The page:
WASHINGTON -- Violent crime dropped 6 percent in 2010, marking the fourth straight year-to-year decline, while property crime was down for the eighth straight year, falling 2.7 percent, the FBI said Monday, referring to crimes reported to authorities.
Nationwide, there were an estimated 1.2 million violent crimes in 2010 and an estimated 9 million property crimes.
The rate for murder and non-negligent manslaughter fell to 4.8 per 100,000 population, less than half what it was two decades ago. The last time that rate was lower was in 1963, according to FBI crime data.
An aging population, better policing and continued high rates of imprisonment for criminals are helping to drive down crime rates, criminologists say.
Robbery fell 10 percent, rape dropped 5 percent, and murder, non-negligent manslaughter and aggravated assault fell more than 4 percent.
Each category of property crime offenses decreased in 2010. The largest decline, 7.4 percent, was for motor vehicle thefts. Burglaries decreased 2 percent and larceny-thefts declined 2.4 percent.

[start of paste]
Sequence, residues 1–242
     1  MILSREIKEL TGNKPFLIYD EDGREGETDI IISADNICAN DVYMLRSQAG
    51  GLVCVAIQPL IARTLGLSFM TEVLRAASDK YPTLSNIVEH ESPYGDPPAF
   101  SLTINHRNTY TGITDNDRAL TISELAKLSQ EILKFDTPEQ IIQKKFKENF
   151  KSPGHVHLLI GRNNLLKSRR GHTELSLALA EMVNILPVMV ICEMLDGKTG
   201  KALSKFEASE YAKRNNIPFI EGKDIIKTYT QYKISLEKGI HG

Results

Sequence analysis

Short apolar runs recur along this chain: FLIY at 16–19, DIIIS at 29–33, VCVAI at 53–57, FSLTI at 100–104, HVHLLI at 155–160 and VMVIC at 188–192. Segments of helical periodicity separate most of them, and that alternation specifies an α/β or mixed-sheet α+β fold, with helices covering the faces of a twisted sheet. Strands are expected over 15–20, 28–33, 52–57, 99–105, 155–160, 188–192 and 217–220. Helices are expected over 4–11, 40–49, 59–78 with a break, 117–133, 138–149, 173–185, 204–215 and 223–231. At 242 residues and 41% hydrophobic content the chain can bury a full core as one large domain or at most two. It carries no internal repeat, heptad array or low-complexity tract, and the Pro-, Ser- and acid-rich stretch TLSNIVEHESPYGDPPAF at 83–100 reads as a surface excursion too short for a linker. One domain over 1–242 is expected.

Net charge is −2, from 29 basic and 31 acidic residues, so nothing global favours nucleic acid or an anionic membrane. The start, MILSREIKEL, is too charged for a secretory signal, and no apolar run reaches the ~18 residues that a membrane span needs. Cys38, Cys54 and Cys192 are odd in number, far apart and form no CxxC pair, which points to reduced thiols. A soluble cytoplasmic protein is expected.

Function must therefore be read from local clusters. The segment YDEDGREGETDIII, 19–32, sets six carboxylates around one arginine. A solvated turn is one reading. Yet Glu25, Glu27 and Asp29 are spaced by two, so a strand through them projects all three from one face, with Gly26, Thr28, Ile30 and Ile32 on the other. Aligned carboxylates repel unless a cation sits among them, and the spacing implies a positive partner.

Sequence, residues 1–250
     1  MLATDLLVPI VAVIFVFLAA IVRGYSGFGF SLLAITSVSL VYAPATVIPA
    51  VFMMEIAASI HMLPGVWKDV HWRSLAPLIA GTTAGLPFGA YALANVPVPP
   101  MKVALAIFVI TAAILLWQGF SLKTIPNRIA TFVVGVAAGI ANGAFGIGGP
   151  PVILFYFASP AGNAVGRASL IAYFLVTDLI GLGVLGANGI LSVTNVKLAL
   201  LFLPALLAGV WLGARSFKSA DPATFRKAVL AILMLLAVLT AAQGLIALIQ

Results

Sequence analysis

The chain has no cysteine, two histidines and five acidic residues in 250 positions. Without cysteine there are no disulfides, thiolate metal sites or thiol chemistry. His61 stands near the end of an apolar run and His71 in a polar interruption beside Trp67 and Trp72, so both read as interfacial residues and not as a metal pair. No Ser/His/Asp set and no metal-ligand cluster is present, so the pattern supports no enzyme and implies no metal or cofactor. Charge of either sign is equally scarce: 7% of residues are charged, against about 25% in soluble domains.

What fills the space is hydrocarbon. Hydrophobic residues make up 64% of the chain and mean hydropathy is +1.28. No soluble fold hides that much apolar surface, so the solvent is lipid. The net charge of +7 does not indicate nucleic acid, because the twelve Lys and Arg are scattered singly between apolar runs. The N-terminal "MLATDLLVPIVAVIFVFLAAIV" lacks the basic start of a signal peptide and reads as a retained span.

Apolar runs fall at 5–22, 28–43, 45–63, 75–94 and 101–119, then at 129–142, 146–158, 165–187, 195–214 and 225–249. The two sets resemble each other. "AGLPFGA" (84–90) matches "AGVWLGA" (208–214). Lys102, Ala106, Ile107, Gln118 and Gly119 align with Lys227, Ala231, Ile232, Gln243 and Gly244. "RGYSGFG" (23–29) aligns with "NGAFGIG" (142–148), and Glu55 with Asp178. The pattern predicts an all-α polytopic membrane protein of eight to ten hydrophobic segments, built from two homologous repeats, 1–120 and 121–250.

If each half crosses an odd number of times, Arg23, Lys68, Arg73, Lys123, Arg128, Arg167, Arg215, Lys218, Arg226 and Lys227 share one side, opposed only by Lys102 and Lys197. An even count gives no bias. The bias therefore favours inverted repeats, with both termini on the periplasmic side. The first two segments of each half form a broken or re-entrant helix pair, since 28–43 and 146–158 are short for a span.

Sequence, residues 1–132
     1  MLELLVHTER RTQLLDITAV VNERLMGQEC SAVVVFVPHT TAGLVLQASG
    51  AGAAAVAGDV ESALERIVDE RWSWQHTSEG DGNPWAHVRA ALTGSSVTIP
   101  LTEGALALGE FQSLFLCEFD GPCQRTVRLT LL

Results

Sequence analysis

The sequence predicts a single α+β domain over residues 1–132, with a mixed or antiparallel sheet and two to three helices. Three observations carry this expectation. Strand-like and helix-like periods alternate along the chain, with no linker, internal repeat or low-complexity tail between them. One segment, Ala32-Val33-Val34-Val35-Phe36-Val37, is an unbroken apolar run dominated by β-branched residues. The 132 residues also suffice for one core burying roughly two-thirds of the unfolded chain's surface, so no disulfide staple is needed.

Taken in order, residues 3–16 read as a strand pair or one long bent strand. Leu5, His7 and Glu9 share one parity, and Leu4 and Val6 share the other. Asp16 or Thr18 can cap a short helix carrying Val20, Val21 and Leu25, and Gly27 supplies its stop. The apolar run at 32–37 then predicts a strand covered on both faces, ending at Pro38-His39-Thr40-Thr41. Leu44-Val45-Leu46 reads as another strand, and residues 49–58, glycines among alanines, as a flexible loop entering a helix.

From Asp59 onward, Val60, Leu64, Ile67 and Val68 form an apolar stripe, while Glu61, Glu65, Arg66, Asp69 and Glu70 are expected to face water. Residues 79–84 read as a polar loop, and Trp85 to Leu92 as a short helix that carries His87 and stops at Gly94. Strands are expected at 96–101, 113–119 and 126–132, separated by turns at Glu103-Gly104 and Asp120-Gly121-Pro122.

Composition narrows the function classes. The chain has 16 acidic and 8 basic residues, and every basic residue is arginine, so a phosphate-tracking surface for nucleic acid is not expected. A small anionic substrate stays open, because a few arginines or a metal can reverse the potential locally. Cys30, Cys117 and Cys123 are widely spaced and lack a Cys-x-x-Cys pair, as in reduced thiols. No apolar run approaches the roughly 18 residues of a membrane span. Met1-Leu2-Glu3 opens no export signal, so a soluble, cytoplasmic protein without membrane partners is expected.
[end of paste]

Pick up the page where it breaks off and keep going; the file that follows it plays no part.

"The last thing we should do is get complacent and say 'mission accomplished,' and so let's transfer resources away to other areas," said James Alan Fox, a criminologist at Northeastern University. "You don't solve the crime problem. You only control it. Without sufficient support for policing and crime prevention, the numbers can go back up."
Attorney General Eric Holder said federal prosecutors and agents have worked with state and local law enforcement to increase community participation in protecting neighborhoods. On a related front, he said that law enforcement agencies have targeted gang leadership in communities in states from Florida to New York, and from Tennessee to North Carolina.
Since the economy turned downward in 2007, the expectation had been that crime would increase with high unemployment.
For decades, a connection between the two has been a commonly held assumption -- though it eventually came under fire. For example, the Joint Economic Committee in Congress issued a report in 1984 saying that a 14.3 percent increase in joblessness in 1973-74 led to a 1.7 percent increase in homicides.
|< Prev||Next >|